Host storage devices vulnerable with KVM Linux virtualisation
According to a kernel update advisory by Red Hat, root users in a guest system that is virtualised with KVM (Kernel-based Virtual Machine) can, in certain circumstances, gain read and write access to the Linux host's storage devices. The advisory says that the hole exists when a host makes available partitions or LVM volumes to the guest as "raw disks" via virtio. Privileged guest users can send SCSI requests to such volumes that the host will execute on the underlying storage device – which allows the guest system to access all areas of the device rather than just the permitted partitions or volumes.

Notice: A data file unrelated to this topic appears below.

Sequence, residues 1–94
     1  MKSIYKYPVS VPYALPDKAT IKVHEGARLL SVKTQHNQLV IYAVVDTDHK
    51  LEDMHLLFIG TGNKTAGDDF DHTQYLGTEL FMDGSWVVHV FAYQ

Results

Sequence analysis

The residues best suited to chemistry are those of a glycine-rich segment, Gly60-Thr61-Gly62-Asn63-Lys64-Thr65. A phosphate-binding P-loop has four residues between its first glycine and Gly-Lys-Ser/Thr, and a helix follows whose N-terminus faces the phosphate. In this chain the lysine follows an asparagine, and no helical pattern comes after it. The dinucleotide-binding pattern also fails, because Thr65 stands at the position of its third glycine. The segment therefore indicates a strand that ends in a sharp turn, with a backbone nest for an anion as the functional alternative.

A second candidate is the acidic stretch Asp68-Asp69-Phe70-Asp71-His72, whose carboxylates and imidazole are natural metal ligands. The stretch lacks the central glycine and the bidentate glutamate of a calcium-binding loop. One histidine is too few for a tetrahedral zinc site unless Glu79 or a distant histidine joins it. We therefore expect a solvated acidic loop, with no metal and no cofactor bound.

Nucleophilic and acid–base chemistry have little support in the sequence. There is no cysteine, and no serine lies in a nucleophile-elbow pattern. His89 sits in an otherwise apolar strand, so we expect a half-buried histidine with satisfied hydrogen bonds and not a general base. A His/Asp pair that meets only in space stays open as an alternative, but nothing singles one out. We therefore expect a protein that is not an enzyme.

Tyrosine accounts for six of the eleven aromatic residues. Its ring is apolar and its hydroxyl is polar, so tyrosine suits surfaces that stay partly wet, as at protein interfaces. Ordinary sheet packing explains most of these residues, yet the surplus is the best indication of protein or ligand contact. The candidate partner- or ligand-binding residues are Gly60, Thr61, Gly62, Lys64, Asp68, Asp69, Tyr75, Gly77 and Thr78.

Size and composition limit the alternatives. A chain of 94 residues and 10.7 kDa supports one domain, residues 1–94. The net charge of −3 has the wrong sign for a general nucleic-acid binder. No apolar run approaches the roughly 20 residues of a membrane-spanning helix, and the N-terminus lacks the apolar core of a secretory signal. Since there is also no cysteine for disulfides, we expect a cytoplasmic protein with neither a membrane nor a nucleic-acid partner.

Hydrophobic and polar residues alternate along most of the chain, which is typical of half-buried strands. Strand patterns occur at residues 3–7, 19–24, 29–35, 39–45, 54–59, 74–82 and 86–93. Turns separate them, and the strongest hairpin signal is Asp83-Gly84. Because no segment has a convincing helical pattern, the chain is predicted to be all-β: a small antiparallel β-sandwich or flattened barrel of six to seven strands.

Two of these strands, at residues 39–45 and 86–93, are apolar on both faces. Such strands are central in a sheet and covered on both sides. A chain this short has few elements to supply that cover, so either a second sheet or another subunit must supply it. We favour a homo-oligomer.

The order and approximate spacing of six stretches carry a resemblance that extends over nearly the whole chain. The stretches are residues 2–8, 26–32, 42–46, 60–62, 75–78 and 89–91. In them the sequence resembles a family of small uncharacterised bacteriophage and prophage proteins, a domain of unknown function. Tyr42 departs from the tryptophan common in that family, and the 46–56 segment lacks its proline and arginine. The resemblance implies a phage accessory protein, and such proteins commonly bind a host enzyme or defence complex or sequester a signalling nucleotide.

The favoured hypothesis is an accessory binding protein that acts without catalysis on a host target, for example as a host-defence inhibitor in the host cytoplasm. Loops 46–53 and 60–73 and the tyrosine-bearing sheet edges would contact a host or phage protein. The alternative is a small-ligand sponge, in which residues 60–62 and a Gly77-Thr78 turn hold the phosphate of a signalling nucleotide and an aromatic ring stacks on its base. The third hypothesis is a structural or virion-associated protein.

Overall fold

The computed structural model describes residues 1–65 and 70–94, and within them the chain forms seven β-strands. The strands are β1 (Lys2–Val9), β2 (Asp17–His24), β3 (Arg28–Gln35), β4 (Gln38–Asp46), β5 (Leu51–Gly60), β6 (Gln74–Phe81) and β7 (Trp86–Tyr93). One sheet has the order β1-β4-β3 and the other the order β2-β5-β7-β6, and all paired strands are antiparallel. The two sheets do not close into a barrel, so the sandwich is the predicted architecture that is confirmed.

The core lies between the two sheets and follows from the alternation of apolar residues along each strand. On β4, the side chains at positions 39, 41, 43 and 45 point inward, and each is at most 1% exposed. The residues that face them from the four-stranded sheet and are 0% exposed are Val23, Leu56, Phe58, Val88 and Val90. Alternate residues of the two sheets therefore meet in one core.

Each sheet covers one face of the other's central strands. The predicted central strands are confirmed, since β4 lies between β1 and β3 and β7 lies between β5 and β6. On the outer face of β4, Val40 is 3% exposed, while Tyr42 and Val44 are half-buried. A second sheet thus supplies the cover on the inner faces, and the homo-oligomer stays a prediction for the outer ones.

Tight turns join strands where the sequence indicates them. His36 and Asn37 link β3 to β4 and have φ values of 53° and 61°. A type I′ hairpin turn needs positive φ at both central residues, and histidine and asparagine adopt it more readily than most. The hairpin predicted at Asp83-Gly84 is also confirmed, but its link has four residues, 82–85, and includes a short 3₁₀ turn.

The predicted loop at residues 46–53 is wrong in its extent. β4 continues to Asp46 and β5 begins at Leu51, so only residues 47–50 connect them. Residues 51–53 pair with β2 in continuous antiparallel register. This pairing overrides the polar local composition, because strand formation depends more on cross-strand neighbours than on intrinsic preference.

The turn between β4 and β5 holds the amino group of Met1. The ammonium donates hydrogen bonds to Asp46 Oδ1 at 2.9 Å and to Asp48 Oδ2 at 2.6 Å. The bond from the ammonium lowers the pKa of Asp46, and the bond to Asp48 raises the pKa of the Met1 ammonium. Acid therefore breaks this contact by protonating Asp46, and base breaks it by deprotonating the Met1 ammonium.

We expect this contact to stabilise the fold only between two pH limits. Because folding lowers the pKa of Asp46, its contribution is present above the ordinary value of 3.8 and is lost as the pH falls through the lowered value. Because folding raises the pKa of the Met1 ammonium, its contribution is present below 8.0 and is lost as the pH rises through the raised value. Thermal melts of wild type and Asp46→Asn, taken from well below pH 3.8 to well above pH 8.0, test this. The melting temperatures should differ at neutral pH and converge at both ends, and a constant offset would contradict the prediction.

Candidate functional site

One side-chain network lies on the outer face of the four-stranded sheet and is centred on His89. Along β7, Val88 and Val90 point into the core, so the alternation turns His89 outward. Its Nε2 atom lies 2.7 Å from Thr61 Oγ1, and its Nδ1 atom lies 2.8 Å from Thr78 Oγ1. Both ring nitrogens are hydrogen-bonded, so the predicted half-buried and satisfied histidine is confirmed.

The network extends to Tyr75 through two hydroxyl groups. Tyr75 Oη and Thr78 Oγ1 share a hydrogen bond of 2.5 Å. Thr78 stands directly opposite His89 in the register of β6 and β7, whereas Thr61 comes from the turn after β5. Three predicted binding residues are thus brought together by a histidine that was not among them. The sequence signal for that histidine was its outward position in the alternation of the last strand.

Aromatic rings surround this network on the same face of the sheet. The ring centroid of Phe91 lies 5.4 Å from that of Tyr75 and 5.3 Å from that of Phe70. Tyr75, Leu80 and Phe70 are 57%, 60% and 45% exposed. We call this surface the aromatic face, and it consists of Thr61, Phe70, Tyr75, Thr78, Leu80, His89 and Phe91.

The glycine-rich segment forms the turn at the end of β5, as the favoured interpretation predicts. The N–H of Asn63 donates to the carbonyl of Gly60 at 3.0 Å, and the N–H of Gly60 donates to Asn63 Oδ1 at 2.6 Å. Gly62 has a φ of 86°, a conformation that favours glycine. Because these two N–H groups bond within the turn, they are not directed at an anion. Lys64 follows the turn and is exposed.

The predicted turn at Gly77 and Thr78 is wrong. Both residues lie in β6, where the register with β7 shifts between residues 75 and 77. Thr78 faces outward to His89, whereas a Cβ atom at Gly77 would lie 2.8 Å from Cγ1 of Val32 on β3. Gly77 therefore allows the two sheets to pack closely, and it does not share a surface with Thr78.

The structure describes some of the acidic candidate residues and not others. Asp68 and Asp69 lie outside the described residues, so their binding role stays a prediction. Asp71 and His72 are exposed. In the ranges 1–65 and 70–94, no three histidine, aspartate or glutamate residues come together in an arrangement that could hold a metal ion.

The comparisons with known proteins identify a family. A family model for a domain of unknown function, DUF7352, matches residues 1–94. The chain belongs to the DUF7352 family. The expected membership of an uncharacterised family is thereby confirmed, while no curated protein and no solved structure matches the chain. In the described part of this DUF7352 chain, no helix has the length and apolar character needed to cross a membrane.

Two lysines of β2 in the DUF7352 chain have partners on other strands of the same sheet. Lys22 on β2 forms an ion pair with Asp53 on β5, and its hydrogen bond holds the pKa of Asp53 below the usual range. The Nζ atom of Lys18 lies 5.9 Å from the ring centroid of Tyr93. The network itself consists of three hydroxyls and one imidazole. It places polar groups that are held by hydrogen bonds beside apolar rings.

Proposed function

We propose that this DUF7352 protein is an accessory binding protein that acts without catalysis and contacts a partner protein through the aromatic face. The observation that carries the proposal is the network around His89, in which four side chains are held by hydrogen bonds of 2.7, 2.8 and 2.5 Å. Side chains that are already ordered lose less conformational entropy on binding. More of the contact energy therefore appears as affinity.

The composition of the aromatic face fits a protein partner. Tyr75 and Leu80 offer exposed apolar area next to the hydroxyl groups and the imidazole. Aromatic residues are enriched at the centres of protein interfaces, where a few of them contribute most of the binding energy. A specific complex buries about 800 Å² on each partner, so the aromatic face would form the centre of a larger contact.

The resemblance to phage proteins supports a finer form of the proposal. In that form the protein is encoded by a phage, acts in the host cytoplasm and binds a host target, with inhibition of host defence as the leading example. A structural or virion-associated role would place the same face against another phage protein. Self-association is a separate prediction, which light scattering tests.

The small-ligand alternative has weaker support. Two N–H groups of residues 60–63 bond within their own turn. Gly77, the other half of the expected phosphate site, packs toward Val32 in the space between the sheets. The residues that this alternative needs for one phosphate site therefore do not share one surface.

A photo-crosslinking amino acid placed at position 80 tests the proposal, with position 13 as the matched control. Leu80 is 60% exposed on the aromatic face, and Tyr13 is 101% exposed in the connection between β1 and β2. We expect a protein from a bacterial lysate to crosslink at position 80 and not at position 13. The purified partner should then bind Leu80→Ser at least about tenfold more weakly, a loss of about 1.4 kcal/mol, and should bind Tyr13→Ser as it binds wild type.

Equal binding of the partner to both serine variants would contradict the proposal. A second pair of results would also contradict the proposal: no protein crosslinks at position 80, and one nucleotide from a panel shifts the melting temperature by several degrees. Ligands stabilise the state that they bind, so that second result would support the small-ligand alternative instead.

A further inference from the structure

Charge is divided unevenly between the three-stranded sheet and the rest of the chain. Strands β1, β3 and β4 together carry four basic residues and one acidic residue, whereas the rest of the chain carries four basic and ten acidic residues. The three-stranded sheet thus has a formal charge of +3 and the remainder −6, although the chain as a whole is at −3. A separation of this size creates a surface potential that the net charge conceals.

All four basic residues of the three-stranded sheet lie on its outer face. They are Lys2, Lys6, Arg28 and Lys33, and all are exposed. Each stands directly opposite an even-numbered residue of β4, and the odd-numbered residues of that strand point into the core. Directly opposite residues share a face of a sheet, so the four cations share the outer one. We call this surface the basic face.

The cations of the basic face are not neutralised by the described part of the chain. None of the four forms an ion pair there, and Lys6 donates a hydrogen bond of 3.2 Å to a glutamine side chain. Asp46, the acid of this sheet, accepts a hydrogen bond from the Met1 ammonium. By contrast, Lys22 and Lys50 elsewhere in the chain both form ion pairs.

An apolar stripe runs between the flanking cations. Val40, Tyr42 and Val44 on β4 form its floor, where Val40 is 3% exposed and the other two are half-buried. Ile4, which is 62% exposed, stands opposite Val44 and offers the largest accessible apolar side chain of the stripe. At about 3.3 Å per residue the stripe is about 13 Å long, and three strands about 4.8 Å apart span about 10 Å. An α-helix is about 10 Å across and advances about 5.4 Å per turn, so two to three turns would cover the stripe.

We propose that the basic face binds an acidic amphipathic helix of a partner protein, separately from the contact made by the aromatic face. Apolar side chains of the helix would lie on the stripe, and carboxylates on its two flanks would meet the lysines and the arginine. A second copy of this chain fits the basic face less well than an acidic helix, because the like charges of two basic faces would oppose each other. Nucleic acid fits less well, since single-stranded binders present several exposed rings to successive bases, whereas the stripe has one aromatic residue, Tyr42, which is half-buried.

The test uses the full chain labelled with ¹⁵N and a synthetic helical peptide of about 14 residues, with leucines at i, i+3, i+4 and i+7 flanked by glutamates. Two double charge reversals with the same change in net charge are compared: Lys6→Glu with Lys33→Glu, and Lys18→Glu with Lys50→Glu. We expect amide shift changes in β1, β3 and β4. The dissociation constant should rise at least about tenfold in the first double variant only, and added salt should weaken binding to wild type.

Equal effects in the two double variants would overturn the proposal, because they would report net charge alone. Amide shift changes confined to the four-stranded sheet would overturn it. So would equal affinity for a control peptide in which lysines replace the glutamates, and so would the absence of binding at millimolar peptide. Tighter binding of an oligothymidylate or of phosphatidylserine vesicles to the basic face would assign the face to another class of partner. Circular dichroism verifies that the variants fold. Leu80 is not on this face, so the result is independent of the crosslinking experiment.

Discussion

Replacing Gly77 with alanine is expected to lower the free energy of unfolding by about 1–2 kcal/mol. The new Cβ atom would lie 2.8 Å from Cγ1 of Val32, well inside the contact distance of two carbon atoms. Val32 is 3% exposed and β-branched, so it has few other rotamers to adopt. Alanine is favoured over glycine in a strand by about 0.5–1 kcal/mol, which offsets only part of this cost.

The hole has been rated as "important" and is listed under CVE ID 2011-4127. Further background information is available in an entry in Red Hat's bug database and in a blog posting by a Red Hat developer. Meanwhile, the kernel developers are discussing the most suitable way to fix the problem; a patch that was suggested by another Red Hat developer hasn't met Linus Torvalds' approval. Torvalds also thinks that the patch is too dangerous to be integrated into the Linux main development branch at this point; the main development branch is expected to produce version 3.2 of the Linux kernel in early January.